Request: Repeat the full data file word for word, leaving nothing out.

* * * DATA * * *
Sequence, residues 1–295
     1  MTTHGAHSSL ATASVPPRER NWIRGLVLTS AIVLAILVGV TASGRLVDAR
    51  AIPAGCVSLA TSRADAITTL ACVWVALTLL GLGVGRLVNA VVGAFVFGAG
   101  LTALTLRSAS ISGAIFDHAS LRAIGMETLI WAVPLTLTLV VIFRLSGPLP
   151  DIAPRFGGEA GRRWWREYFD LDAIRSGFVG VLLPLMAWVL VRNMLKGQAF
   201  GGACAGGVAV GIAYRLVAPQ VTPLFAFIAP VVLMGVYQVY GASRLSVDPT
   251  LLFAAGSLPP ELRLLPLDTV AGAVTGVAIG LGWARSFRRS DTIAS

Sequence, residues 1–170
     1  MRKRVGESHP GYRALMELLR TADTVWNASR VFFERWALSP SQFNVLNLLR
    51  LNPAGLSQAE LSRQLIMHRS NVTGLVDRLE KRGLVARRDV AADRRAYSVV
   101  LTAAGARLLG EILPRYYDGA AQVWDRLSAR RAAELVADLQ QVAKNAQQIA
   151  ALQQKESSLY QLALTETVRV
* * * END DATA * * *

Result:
Sequence, residues 1–295
     1  MTTHGAHSSL ATASVPPRER NWIRGLVLTS AIVLAILVGV TASGRLVDAR
    51  AIPAGCVSLA TSRADAITTL ACVWVALTLL GLGVGRLVNA VVGAFVFGAG
   101  LTALTLRSAS ISGAIFDHAS LRAIGMETLI WAVPLTLTLV VIFRLSGPLP
   151  DIAPRFGGEA GRRWWREYFD LDAIRSGFVG VLLPLMAWVL VRNMLKGQAF
   201  GGACAGGVAV GIAYRLVAPQ VTPLFAFIAP VVLMGVYQVY GASRLSVDPT
   251  LLFAAGSLPP ELRLLPLDTV AGAVTGVAIG LGWARSFRRS DTIAS

Sequence, residues 1–170
     1  MRKRVGESHP GYRALMELLR TADTVWNASR VFFERWALSP SQFNVLNLLR
    51  LNPAGLSQAE LSRQLIMHRS NVTGLVDRLE KRGLVARRDV AADRRAYSVV
   101  LTAAGARLLG EILPRYYDGA AQVWDRLSAR RAAELVADLQ QVAKNAQQIA
   151  ALQQKESSLY QLALTETVRV